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Models of care: winning back professional autonomy

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It’s always nice to do number exercises when big reports arepublished. This week, pharmacists will be hearing a lot about “Now or never: shapingpharmacy for the future” , the long-awaited report of the Royal PharmaceuticalSociety’s Commission on Future Models of Care delivered through pharmacy, whichwas chaired by Judith Smith, director of policy at the Nuffield Trust.

Dr Smith’s report sums up the world of pharmacy spot on, ie,the lack of recognition, its fragmented voice, how it is competing for the samepot of money, and how it could make a difference if itsbusiness model were to change from being a supplier of medicines to a provider ofpatient care. It is great to hear this from an outsider.

What struck me foremost about the report was the number of recommendationsassigned to different pharmacy actors.

Recommendations to pharmacists number five; to localcommissioners, two; to the Royal Pharmaceutical Society and leaders of theprofession, four; and, crucially, to the Government (NHS England, Public HealthEngland and the Department of Health), a substantial nine.

The report is absolutely right to give government bodies themost recommendations.  For years now,pharmacy has been a forgotten contributor to the English healthcare landscape.Policy-makers may occasionally reference pharmacy in some report, but generallypharmacy has been a sideshow.

Now Dr Smith says these Government bodies must includepharmacy in plans for the future of out-of-hours and urgent care, publichealth, and the management of long-term conditions. They must also take accountof the role that pharmacy can play when planning initiatives.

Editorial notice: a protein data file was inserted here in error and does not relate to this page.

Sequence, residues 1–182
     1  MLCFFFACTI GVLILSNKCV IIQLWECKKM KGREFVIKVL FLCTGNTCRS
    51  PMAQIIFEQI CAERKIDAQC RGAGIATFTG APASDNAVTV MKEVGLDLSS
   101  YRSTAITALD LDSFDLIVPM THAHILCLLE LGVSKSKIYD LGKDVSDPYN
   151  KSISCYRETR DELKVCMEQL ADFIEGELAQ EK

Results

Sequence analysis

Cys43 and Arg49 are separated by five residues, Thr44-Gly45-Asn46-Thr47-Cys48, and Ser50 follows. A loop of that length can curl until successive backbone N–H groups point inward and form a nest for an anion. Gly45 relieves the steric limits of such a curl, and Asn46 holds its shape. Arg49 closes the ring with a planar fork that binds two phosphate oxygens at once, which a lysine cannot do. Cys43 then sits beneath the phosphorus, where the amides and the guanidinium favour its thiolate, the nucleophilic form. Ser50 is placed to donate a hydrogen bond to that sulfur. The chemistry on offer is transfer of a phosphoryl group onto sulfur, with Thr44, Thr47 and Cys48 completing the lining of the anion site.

The most exciting recommendation, which, in my opinion, shouldhelp give pharmacists their professional autonomy and status, as well aidingpatient care, relates to how NHS England should use its national commissioningrole for pharmacy in the future.

The report says it wants NHS England to consider includingthe possibility of community pharmacy having separate core contracts for dispensingand supply on the one hand, and for service provision in a broader primary carecontext on the other. “There should be openness by NHS England to pharmacistsholding these contracts as professionals, perhaps through networks or chambers,rather than through their employers,” it says.

The future, it says, may see two “tiers” of pharmacists,those who focus on the supply and dispensing of medicines, and those  who take on additional care-giving roles, includingprescribing, public health work, and management of long-term conditions andcommon ailments.

Contracts being held by pharmacists themselves may prove abit radical for the current holders of pharmacy contracts, especially the multiples, which will be worried about how this will affect their revenue streams. Therecommendation might also not have the backing of some pharmacists,  who may be concerned that “dispensing”pharmacists are placed in a different sort of bracket to others.  But it’s happening already, some  pharmacists have already attained skills to go beyond dispensing and a new landscapehas to recognise this.

So far there has been little political will in darkgovernment circles to move the pharmacy agenda forward, but possibly this reportmay just be the bright spark pharmacy needs.   

Elizabeth Sukkar is asenior news and features writer for The Pharmaceutical Journal

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